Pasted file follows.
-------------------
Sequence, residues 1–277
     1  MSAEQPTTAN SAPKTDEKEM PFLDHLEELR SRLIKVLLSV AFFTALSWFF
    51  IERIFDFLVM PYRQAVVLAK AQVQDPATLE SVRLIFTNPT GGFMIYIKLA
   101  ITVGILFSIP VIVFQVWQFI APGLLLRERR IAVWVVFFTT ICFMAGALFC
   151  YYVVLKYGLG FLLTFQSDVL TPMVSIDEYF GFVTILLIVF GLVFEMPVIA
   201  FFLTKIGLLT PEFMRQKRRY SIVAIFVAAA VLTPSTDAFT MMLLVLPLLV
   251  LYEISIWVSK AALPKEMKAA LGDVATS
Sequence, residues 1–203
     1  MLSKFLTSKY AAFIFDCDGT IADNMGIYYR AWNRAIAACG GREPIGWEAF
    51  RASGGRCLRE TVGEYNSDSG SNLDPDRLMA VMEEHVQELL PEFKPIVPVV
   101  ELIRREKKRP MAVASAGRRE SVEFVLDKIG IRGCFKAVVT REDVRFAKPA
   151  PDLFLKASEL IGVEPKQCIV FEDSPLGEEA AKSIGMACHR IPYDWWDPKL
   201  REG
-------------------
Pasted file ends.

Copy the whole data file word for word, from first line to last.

Sequence, residues 1–277
     1  MSAEQPTTAN SAPKTDEKEM PFLDHLEELR SRLIKVLLSV AFFTALSWFF
    51  IERIFDFLVM PYRQAVVLAK AQVQDPATLE SVRLIFTNPT GGFMIYIKLA
   101  ITVGILFSIP VIVFQVWQFI APGLLLRERR IAVWVVFFTT ICFMAGALFC
   151  YYVVLKYGLG FLLTFQSDVL TPMVSIDEYF GFVTILLIVF GLVFEMPVIA
   201  FFLTKIGLLT PEFMRQKRRY SIVAIFVAAA VLTPSTDAFT MMLLVLPLLV
   251  LYEISIWVSK AALPKEMKAA LGDVATS
Sequence, residues 1–203
     1  MLSKFLTSKY AAFIFDCDGT IADNMGIYYR AWNRAIAACG GREPIGWEAF
    51  RASGGRCLRE TVGEYNSDSG SNLDPDRLMA VMEEHVQELL PEFKPIVPVV
   101  ELIRREKKRP MAVASAGRRE SVEFVLDKIG IRGCFKAVVT REDVRFAKPA
   151  PDLFLKASEL IGVEPKQCIV FEDSPLGEEA AKSIGMACHR IPYDWWDPKL
   201  REG